Students often find themselves browsing the internet on their mobile devices or laptops from public utility spaces such as libraries, cafeterias, airports, lounges, and clubs. Open Wi-Fi hotspots do a great service to students who have limited funds to purchase unlimited data packets. However, they also pose great security threats and make users vulnerable to attacks unless care is taken to avoid these mishaps. The temptation to go online and do some work, get free downloads, or check your email on-the-go might be too alluring. However, don’t let your privacy and safety be compromised.
How Does Open Wi-Fi Compromise Your Security?
There are different ways through which your security can be breached on public or open Wi-Fi. Usually, the hotspot will require an authentication login and password; however, this doesn’t necessarily translate to improved security. Most public Wi-Fi hotspots aren’t secured. A few possibilities are mentioned below:
- That the Wi-Fi hotspot is running an older encryption or authentication protocol.
- That you have joined a rogue or false Wi-Fi hotspot masquerading as a trustable source.
- That packet interference is being implemented through Man-In-The-Middle (MITM) attacks.
In the case of a rogue public network, even an average hacker could create a ‘copycat’ of an authentic Wi-Fi network. A user could then log-on to this fake network and have sensitive information such as passwords and login credentials phished. Even if the user doesn’t share login information, the hacker could still see every packet of information moving through the user’s set-up network.
How does the phishing occur exactly? Let’s say a hacker with malicious intent can get you to log-in to their bogus hotspot. They would then create a copy of some of the websites you are likely to frequent, for example, Amazon or Reddit. If you were to process a payment or share sensitive information across such phishing links, a decent hacker would be able to view all your sensitive information. They’d even go as far as seeing your keystrokes.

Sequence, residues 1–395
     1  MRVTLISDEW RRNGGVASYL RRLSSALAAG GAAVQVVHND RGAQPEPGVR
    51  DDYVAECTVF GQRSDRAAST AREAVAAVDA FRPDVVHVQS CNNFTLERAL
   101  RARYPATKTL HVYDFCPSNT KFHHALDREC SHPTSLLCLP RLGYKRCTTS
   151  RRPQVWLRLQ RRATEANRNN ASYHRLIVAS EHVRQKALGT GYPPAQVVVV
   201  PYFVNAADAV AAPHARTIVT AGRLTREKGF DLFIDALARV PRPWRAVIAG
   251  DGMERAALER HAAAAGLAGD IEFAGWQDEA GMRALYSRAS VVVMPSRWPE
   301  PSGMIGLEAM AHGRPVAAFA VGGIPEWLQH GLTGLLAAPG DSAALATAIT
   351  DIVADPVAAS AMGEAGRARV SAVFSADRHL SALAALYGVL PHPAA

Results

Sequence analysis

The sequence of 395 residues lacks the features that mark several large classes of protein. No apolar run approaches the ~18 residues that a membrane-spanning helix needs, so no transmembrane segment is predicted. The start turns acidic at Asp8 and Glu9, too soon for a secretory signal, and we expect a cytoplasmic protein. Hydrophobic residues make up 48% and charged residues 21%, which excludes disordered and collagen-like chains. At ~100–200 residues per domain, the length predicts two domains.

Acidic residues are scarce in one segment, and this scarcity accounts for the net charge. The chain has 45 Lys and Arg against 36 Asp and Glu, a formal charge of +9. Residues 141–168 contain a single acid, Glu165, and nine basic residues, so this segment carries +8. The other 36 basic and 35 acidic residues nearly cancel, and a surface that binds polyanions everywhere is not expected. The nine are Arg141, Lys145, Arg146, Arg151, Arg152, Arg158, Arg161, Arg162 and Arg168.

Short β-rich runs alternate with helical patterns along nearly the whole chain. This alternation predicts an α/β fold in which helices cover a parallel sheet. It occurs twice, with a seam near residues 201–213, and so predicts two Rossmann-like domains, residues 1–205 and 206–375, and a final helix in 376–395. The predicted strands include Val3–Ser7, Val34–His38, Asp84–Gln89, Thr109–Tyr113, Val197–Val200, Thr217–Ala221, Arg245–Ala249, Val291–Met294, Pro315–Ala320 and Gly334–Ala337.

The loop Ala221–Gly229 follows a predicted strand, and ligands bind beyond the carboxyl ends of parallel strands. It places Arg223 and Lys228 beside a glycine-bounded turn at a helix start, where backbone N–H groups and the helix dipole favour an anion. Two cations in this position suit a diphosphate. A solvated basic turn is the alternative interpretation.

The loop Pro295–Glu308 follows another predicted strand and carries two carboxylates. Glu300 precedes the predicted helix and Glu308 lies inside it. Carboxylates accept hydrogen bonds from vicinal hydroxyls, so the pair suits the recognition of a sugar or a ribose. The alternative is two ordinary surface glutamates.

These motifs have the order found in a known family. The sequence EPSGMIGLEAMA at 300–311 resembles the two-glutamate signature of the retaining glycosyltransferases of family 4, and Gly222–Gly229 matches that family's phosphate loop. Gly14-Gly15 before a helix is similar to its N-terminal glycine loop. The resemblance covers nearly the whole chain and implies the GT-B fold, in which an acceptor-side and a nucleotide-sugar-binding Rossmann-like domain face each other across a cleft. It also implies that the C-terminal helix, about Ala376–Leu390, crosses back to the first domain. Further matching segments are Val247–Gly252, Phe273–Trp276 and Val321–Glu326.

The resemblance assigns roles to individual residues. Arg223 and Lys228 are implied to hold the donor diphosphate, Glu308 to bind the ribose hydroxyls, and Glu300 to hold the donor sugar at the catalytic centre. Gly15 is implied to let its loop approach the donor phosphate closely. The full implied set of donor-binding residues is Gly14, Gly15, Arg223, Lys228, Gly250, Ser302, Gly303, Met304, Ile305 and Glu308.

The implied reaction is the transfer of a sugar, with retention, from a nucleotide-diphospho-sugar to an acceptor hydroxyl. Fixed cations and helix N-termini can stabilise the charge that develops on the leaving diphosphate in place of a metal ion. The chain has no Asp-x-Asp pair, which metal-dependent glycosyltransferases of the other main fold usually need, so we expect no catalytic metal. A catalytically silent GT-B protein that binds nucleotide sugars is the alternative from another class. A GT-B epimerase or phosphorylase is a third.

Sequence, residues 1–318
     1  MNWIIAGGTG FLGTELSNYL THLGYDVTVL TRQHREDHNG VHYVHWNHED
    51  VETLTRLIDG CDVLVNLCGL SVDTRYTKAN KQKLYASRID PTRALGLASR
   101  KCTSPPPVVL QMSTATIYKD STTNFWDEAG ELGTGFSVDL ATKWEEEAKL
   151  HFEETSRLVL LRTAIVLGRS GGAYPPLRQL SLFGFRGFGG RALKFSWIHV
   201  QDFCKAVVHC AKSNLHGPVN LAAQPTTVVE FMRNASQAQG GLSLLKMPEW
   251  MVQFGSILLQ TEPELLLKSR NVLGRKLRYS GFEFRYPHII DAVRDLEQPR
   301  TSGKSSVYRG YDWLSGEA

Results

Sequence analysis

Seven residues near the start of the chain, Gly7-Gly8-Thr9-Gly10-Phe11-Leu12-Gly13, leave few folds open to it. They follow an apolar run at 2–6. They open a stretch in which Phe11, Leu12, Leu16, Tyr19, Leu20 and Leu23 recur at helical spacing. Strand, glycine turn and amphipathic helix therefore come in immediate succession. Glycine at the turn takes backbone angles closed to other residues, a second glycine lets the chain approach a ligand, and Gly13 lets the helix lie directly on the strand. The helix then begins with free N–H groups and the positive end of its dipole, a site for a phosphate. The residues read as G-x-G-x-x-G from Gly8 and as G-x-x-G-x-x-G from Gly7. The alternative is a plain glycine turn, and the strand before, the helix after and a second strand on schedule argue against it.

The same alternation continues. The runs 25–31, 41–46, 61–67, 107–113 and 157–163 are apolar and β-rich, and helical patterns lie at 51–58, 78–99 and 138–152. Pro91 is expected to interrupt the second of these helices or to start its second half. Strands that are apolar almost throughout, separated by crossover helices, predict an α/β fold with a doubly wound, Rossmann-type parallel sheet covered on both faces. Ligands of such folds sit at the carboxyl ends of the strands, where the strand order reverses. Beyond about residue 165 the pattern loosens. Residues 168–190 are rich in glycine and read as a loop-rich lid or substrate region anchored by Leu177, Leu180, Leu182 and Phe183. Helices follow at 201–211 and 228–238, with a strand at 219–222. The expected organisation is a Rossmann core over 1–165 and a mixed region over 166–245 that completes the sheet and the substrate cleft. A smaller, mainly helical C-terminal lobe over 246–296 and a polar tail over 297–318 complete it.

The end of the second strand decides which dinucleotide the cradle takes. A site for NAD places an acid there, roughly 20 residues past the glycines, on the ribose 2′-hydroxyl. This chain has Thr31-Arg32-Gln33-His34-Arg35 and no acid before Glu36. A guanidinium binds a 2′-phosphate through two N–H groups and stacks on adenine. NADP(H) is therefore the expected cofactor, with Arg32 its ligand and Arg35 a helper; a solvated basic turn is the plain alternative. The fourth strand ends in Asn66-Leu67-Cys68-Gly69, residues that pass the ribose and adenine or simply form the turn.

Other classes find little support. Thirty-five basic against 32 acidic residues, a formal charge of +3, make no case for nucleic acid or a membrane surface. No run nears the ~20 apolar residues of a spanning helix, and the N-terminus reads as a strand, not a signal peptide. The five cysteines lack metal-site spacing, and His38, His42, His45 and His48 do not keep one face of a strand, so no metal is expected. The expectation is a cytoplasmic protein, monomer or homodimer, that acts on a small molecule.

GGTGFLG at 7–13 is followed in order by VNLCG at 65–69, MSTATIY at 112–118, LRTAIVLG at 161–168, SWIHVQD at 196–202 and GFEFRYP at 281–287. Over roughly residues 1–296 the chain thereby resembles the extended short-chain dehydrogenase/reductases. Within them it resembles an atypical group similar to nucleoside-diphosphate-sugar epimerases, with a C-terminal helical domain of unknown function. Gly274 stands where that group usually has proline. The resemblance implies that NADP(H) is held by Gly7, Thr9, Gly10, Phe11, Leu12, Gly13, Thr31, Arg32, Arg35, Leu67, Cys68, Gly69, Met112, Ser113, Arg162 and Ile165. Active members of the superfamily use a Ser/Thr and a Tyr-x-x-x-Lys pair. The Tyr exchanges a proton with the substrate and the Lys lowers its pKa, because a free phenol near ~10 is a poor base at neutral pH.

So, it isn’t implausible that you could lose a lot more than just your passwords or user login details from an unsecured hotspot. Your identity could be used to commit fraud and other cybercrimes while you are oblivious to what is happening. Students are often soft targets because they are often in a rush to use up as much free bandwidth as possible in a short space of time.
Before jumping onto that hotspot in your favorite café, library, or coffee shop to complete, say, a payment to your essay writing service, use these 5 hacks to keep yourself safe.
1. Use a VPN
Data packets on a free Wi-Fi network are almost just “floating” around, with anyone being able to tune into these unsecured radio signals. A Wi-Fi hotspot in “monitor” mode can essentially view all the data sent or received even without a connection necessarily being made.
A Virtual Private Network essentially tunnels information from the end-user to the internet (or vice-versa) through an encrypted connection before terminating the sequence. A VPN is an extremely important component of using the internet over public Wi-Fi, especially when you need to handle transactions. For such sensitive sites such as e-Bay, Amazon, or PayPal, a VPN hides the end IP address so that the details are near-impossible to trace.
VPNs can be free and web-based or paid apps that can be installed. NordVPN and Express VPN are some of the best applications available. When choosing a VPN, you have to consider the overall cost, speed, ease-of-use, and customer reviews, among other factors.
2. Never Access Sensitive Sites Without “HTTPS”
A lot of the information you might want to access from the internet might not be sensitive. However, any site that requires a login credential should have the ‘lock’ icon on the left side of the URL bar. Unless it’s really important, for example, a late payment, you should always avoid accessing such sites from a public hotspot. This ‘lock’ icon denotes that the site is encrypted.
Many sites implement HTTPS security for the login and payment screens, yet these sites still have internal access points that aren’t necessarily secure. A case-in-point would be a website that runs different server information meaning different servers are accessed from the same website; if you can avoid using such sites from public Wi-Fi, the better for you.
3. Protect Your Passwords
Passwords can be protected by adding an extra security layer through 2-factor authentication, an extra login test that ensures password breaches aren’t successful. This could be a code sent to your email or phone number, for example.
Additionally, you can protect your passwords by using a password manager to avoid potential reuse of the same password or nearly-identical instances for different sites.
The easiest way to keep safe over public Wi-Fi is to avoid visiting sensitive sites when using these public hotspots simply.